• Alexion Pharmaceuticals Inc., of Cheshire, Conn., reported that both the FDA and the European Agency for the Evaluation of Medicinal Products granted eculizumab orphan drug status for the treatment of PNH. Patients with PNH have a deficiency in certain protective proteins on the surface of their red blood cells, allowing their own complement system to attack and destroy those cells.

• Angiogenix Inc., of Burlingame, Calif., started a Phase II trial of Acclaim in chronic angina. Acclaim (organic nitrate combined with L-arginine) is an oral product shown to induce coronary vasodilation while overcoming drug tolerance. The Phase II trial will enroll 170 patients with documented coronary artery disease who suffer from chronic, stable, effort-induced angina. The endpoint is treadmill walking time determined from the beginning of the exercise test until the patient develops angina of moderate degree.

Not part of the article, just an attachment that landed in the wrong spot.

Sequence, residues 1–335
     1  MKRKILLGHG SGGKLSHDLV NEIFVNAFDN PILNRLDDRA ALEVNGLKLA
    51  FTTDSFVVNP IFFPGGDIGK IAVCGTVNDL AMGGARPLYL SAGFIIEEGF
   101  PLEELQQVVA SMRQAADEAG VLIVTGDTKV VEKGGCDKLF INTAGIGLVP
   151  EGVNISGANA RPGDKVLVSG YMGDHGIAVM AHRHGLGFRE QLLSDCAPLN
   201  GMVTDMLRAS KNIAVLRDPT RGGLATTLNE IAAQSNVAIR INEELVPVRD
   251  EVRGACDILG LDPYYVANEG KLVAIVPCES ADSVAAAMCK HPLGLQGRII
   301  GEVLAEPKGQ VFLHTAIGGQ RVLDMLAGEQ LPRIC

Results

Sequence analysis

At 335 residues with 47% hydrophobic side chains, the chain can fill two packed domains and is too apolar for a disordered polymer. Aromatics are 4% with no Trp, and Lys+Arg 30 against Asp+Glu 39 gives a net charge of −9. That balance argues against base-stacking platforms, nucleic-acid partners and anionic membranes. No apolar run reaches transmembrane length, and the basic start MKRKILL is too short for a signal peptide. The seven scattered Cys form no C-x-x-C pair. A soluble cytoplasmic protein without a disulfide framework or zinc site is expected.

• Angiotech Pharmaceuticals Inc., of Vancouver, British Columbia, reported its intention to implement a 2-for-1 stock split, subject to shareholder approval. The company will seek approval at a special meeting of shareholders on Jan. 20. Angiotech is focused on enhancing the performance of medical devices and biomaterials through the use of pharmacotherapeutics.

• Avigen Inc., of Alameda, Calif., exclusively licensed rights to the treatment of chronic pain using anti-inflammatory cytokines, including interleukin-10, from the University of Colorado. Avigen also expanded its existing sponsored research agreement with the University of Colorado at Boulder to further work in the treatment of chronic pain under way at the university's department of psychology and center for neuroscience.